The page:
Presentation PA #84
A few years ago, I remember walking into my local Best Buy and noticing for the first time, "My goodness, there is a LOT of anime available right now." I had thought back to how hard it was to find new titles several years before, and how lucky an anime fan had been if they could track down an elusive VHS release.
The other day, I was once again in the aisles of Best Buy. Only, this time I remarked to myself, "My goodness, there is WAY too much anime available right now." I ran across the street to Barnes & Noble, and the same observation crossed my mind as I gazed at the manga racks. Over the years, that space has gone from one measly rack to an entire section devoted entirely to new releases.
This time, though... I wasn't elated. I was upset. What started out as one or two DVD releases every week slowly grew into four and then eight. Now, some weeks herald an impressive count of ten to twenty releases.
The danger of market oversaturation is something that's been nagging at me for some time now. Every trend from gadgets to clothing hits a point where there's simply too much on the market. Now the same is finally happening to the American anime and manga market, and it's hurting. Titles no longer make the same impressive sales figures they used to. Fans no longer rush out to buy random anime titles simply because they're there. The fans are much more selective about what they buy now, and who can blame them? There's simply too much available.
In any given year, dozens upon dozens of new anime acquisitions are announced at conventions, some of them pinnacles of artistic achievement, and some of them pitiful attempts at storytelling that would be lucky to sell fifty units. It's simply not possible to buy all of the best series out there anymore. Forget that--it's simply not possible to even reach all of the best series anymore without having to wade through stacks of unwanted, middling titles.
Some might wonder why it even matters. Who cares if there are loads of mediocre titles out there as long as the good ones are still being released? The company accountants care. When the North American anime market started expanding, companies raced to announce the most titles. It didn't matter if fans had ever heard of it before, or if it was even going to be remotely marketable... if it was available, they made an attempt to buy it. The problem now is, there's a cost imbalance that never really gets solved. With today's licensing fees, a single episode of a series can cost $50,000USD. For a 26 episode series, that's over a million dollars. Add to that the costs for translating, dubbing, prepping, subbing, packaging... For extremely popular series like Fullmetal Alchemist or Inuyasha, this is no problem. Copies fly off the shelves once they're released. But what about the smaller, lesser known, or worse, bad shows that are released? At $29.98 a disc, I'm sure you can do the math. Let's just say that internet forum fantasies that anime company executives are bathing in gold are unequivocally false.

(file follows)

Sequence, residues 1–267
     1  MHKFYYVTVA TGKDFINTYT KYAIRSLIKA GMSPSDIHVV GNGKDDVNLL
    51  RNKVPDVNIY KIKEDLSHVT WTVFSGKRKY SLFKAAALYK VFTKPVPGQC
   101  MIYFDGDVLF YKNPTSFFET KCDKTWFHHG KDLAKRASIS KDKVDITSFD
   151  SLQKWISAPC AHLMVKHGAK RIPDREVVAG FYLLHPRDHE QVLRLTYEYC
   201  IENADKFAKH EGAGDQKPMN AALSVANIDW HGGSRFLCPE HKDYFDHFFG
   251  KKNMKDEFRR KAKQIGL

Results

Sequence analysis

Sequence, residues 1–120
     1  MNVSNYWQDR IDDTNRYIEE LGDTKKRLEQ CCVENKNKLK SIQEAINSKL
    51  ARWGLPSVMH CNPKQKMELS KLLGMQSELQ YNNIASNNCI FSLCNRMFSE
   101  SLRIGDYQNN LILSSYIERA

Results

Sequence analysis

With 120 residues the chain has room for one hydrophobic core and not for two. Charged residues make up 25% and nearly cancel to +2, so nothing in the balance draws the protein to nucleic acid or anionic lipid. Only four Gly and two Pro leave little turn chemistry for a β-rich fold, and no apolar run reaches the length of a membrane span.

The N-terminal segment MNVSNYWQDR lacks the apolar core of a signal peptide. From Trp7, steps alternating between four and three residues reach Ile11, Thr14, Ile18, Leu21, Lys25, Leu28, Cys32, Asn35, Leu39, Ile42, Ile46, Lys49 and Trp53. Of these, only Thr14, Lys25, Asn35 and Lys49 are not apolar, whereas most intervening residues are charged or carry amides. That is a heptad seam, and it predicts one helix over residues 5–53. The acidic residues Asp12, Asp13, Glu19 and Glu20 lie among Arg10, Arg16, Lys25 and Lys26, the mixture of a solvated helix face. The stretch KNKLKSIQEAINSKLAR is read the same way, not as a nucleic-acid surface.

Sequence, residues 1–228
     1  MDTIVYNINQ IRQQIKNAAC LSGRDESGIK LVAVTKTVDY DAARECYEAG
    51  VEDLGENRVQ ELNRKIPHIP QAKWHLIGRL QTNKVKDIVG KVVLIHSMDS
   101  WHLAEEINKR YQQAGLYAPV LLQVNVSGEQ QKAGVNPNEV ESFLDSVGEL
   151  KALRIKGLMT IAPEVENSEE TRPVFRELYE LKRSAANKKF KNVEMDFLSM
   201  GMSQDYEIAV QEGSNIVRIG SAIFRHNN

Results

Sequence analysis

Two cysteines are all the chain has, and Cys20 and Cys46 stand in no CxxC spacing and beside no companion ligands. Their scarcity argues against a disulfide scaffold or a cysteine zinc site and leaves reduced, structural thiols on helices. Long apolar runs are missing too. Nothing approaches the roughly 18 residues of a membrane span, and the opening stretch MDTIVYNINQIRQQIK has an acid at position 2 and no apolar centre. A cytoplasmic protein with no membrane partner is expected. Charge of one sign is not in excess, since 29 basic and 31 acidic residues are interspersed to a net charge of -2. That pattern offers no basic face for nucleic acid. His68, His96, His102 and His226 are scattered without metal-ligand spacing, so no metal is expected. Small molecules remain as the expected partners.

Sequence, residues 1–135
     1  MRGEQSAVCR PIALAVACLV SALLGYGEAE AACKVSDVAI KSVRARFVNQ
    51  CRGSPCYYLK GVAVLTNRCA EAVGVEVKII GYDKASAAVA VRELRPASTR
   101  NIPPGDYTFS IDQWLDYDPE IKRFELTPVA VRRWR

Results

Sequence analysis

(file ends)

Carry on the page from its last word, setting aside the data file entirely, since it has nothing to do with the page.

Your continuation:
Of course, here would be a convenient place to start a tirade against fansubs, citing less than stellar DVD sales to be a result of all the mediocre shows ending up on hard drives rather than in shopping bags. After all, for every person who says "I didn't really like this show, so I won't buy it or keep it on my computer," there are a hundred more who will say the same, yet share their files with friends.
As appropriate as that tirade may be, though, it's unfair to place the blame entirely on fansubs and DVD-rips. Just as much blame can be placed on the companies themselves; whose decision was it to spend X amount of dollars on Show Y, not realizing that nobody would buy it? For starters, companies need to eventually realize that internet forums aren't a prudent place to gather licensing advice. A thousand people can claim that they loved a series, and they'd definitely buy it if it came to DVD... but sales figures would show those numbers seldom equate with the number of people who actually do buy the series. When you have a market composed heavily of teenagers and college students with limited finances, there's going to be a discrepancy between "I want this to be licensed!!!" and "I can afford this right now."
It's a sticky situation no matter what. Will cracking down on fansubbing help the situation? Will simply buying fewer series be a better option? Can companies just flip the licensors the bird until they lower acquisition costs? There's no easy way of telling, but one thing is for sure--market oversaturation is a problem right now, and it can only get worse if companies don't step up deal with it now.
But, in lighter matters, we've got a fun issue this time around! There are plenty of interviews and reviews, and we've got our spotlights turned on Mai-Hime and my personal favorite, Genshiken. Oh, and a fun fact: Mr. Pelletier was so adamant about getting high-res pictures of Akihabara that we had to send one of our guys in with a camera to haunt the streets of Electric Town for days and days until even the locals were spreading hushed rumors of the mysterious Gaijin.
Hope you enjoy this issue as much as we do!
- Bamboo Dong